Once you have a sense of what is being used, gather your team and have an honest dialogue about why these tools are popular. Are they meeting needs that your current systems do not? Or is it merely that the interface is more user-friendly? This will give you a checklist of what to improve to entice your employees to stay within the guidelines.
You are more than justified in throwing down the hammer and demanding your employees simply stop using any shadow IT options. However, finding solutions that address the needs or preferences of your team will help improve efficiency and replace outdated systems. It also creates a positive workplace environment where employees feel their needs are met, and their concerns are heard. Most of the time, replacing the functions of these apps with corporate-approved options will eliminate the need for employees to use them, and the problem will quickly dissipate naturally.
Once you’ve found suitable alternatives, give everyone a grace period before restricting third-party apps. Make sure your team is on the same page about why these apps are forbidden. Then provide proper training for new solutions so everyone can see firsthand how these new systems solve problems that were previously addressed by using shadow services.
The ultimate ally, a dependable Managed Service Provider (MSP) is stocked with professional IT management experts that can consistently find the most advanced solutions for you and implement them before your employees search for a workaround. An MSP like Net Works can also train, educate, and ensure workplace satisfaction by working with your IT team to establish open lines of communication. Contact Net Works today to find out more about how working with an MSP can help you eliminate shadow IT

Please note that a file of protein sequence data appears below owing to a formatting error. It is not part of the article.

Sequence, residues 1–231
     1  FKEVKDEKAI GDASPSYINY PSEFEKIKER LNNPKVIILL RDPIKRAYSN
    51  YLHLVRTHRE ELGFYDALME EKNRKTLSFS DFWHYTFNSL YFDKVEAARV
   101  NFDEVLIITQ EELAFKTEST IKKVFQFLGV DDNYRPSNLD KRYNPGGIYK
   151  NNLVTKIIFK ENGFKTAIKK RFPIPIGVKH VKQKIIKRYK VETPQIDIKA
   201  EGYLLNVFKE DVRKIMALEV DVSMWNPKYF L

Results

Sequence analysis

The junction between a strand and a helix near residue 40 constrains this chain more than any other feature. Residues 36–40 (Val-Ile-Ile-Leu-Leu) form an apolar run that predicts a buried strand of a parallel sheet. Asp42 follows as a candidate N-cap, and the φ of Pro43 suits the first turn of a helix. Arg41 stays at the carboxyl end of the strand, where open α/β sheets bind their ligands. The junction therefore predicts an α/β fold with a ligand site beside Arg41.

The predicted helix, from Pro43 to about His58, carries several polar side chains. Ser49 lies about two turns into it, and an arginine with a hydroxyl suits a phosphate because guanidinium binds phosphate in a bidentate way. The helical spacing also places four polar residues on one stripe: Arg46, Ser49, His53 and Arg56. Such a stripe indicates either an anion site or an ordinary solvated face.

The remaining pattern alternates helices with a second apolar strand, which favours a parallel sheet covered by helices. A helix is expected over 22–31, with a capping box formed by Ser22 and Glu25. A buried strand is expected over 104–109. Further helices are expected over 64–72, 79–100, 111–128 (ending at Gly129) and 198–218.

Some of the newest buzzwords floating around the tech world, Machine Learning (ML) and Artificial Intelligence (AI), are often used these days interchangeably but are actually quite different. With an ever-evolving tech world achieving breakthroughs at breakneck speeds, these types of confusions are becoming widespread. Here, we’ll break down some of the key differences between the two and explore the ways these advancements may affect the cybersecurity landscape going forward.
The Differences Between AI and ML
Probably the more familiar of the two, AI, is a more general term that encapsulates all of advanced computer intelligence. Implemented in a system in order to perform tasks that we typically associate with our human brains, AI is a broad term that includes systems used for tasks such as problem-solving, understanding a language, scheduling tasks, or recognizing and identifying objects or shapes.
ML, on the other hand, refers to a very precise way of achieving AI. The traditional way of creating an “intelligent” machine would be to give the piece of technology all the answers as you program it. This requires explicitly programming millions of lines of code that breakdown intricate rules and provide decision-making trees to refer to when deciding how to act and react in any given situation. ML instead relies on giving the machine a neural network that works on a system of probability. When fed large sets of data, this neural network predicts outcomes and decides on its own how to proceed in achieving its goal. The addition of a feedback loop means the machine can “learn,” through trial and error, which processes are best at achieving results and in turn readjust its algorithms to fine-tune its approach.
Vulnerabilities of AI and ML
Because the benefits of self-driving cars, voice-recognition software, and self-learning machines are so evident, the implementation of both ML and AI in business and our daily routines is inevitable. But utilizing these advancements will also come with their share of peril. Because both AI and ML require massive sets of data to become accurate and achieve positive results, they will most likely drive a spike in a particularly concerning type of cyberattack – data manipulation.